They then start up something in the series that will persistently remain confusing: the subject of Betsy’s funeral. They clearly state that Betsy didn’t have a funeral, but the next page or so is Jessica describing Betsy’s funeral, who was there (her boss, some dude renowned for picking his boogers and wiping them on stuff–Jessica says she made sure he didn’t desecrate her coffin with his snot), and specifically mentioning Detective Nick was “at the funeral,” (Jess had been trying to convince Betsy to get with him–Betsy says she doesn’t even need one entire hand to count her previous lovers despite being a rich, white, blonde, model-level beauty with no apparent qualms about her sexuality…anyway) but then a couple sentences later also specifically says “Of course there wasn’t actually a funeral–they lost your body!” Which I guess maybe indicates it wasn’t a completed funeral?

From here on out, they just keep switching this…sometimes someone will say they were at her funeral, then a page or so later Betsy will ruminate on how she didn’t even have a funeral because they lost her body (but apparently rolled her casket out, I suppose, as Jessica had to stop someone from wiping boogers on it). Nick, too, will often speak to her about this…saying he was at her funeral, then following it up with how there wasn’t a funeral but he saw her funeral announcement, or there was one or there wasn’t one or there was one or there wasn’t one…like I’ve been saying, continuity seems to be MJD’s Achilles gold, leather, strappy open-toed heel with dead butterflies in the sole. And when Betsy asks why Jess is at her father’s house:

“I got a look at Mrs. Taylor’s footgear at the funeral is all. I knew those weren’t her Pradas. So I figured I’d come over and try to get them back.”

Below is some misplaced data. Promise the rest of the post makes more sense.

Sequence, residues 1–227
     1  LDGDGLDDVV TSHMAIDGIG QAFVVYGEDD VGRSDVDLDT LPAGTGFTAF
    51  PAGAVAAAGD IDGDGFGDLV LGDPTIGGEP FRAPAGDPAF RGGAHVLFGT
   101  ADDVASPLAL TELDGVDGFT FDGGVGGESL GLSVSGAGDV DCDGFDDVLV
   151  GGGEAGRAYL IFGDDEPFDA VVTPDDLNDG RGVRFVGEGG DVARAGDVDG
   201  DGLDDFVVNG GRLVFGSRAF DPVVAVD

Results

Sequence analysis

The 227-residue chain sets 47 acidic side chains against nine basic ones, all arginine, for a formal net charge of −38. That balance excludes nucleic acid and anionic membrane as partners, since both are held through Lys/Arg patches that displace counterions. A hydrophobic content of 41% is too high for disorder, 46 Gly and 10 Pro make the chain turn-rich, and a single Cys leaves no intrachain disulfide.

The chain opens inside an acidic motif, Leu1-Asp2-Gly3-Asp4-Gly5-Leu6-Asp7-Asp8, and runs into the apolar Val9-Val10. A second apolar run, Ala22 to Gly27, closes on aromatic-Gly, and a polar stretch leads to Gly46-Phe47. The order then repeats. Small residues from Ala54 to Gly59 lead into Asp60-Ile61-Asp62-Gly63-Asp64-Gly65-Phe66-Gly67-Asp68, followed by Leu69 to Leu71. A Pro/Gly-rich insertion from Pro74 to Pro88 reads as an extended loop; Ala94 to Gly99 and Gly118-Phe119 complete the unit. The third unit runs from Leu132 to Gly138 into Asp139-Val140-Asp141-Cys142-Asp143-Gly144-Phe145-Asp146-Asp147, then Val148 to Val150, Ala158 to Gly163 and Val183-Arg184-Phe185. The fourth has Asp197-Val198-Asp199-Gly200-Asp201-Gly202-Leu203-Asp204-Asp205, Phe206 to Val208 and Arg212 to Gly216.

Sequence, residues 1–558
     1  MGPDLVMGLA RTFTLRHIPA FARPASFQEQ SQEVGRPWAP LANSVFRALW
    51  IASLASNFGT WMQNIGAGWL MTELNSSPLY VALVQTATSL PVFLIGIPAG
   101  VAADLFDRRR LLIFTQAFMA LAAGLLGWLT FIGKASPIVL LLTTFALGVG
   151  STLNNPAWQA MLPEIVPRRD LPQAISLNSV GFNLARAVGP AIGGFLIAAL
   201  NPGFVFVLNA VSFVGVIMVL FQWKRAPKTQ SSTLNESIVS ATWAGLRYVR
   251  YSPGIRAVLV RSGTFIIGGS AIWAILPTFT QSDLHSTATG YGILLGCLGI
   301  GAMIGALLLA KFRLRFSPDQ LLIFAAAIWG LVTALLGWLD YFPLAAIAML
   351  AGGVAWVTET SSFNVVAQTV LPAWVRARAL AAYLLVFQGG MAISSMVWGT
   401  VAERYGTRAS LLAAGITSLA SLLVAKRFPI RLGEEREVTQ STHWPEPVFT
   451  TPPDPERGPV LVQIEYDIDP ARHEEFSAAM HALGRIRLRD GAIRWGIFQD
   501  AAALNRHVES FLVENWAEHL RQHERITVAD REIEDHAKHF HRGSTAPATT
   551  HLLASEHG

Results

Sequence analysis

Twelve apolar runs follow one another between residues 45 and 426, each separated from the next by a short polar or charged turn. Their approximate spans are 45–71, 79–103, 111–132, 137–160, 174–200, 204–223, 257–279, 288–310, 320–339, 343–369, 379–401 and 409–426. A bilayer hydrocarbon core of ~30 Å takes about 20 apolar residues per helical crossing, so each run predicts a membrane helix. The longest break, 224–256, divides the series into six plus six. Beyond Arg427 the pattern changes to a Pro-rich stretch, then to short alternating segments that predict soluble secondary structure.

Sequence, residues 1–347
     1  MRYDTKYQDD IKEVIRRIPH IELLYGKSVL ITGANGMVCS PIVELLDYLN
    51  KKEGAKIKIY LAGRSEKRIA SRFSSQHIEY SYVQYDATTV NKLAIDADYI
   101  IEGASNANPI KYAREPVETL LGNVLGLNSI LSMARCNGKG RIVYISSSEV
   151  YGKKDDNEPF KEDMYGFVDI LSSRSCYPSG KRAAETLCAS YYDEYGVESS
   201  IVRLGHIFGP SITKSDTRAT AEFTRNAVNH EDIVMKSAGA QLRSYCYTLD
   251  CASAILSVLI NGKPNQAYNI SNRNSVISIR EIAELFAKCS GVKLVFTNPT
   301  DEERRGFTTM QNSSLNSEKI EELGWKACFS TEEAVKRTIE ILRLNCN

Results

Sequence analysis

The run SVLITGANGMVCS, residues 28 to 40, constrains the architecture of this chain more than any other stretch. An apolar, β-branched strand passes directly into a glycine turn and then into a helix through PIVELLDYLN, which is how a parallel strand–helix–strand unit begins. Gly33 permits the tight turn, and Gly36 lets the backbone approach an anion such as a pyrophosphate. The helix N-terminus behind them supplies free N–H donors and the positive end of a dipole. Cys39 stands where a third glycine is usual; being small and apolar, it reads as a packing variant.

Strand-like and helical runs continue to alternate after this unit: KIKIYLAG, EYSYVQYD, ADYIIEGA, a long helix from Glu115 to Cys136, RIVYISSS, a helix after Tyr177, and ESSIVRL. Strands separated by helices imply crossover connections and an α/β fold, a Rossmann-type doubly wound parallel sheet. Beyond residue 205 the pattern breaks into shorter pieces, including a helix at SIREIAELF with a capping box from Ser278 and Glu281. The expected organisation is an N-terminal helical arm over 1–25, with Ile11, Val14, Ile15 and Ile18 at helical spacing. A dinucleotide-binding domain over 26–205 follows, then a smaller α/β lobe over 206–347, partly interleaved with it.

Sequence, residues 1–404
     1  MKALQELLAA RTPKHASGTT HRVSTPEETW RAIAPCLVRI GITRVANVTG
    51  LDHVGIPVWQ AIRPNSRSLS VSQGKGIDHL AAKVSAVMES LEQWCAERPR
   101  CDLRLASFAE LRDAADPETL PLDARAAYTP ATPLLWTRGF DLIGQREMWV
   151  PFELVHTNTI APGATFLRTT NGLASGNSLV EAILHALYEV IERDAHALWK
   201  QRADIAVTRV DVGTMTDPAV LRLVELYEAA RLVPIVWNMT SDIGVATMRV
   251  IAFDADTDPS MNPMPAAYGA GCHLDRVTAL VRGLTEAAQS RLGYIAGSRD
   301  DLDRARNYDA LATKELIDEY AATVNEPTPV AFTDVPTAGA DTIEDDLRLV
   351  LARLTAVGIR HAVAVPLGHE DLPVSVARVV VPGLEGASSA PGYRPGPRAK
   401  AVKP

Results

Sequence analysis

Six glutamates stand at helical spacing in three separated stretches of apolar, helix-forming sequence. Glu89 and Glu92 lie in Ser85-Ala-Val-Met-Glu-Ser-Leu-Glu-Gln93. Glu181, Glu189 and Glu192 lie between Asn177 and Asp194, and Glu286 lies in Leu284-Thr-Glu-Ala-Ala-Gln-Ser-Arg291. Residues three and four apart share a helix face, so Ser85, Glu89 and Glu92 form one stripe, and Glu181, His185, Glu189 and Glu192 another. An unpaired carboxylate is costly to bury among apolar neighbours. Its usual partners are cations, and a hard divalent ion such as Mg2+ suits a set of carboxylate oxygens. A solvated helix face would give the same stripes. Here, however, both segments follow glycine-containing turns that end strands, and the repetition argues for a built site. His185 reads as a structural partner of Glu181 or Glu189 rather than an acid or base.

So, again…funeral or no funeral? The world may never know. Also, the Ant is also told to be a whole size smaller than Betsy so she must have looked like a little plastic-enhanced girl playing dressup, and Jessica has “feet like Magic Johnson” that would never fit into Betsy’s heels (it is also said Betsy is 6 foot tall but has very tiny feet, and eventually Jessica is claimed to be exceptionally short but has gigantic feet…seems backwards!) so she was going to donate them to the nonprofit she founded and spends 60 hours a week working at, called The Foot (or The Right Foot, but never again after the first time) that gives interviewing tips, résumé advice, and hand-me-down suits and accessories for disadvantaged women. I emphasize women because she specifically states just women, and while that’s great and all I kinda wonder why it’s only for women…but whatever, I guess.

They finish packing, Jess is completely casual and cool with the whole vampire thing–not even a moment of surprise, she just says “I don’t give a shit,” and they hug and move on. Betsy dumps the entire contents of Antonia’s jewelry box into the blender and hits “liquefy.” Funny and well-deserved, sure, but I always wonder whether a blender could even function trying to chop up precious metals, or if it just scratches some of them and the rest are fine. Meh.

Up next: The weirdest family dynamic I’ve ever read in a novel.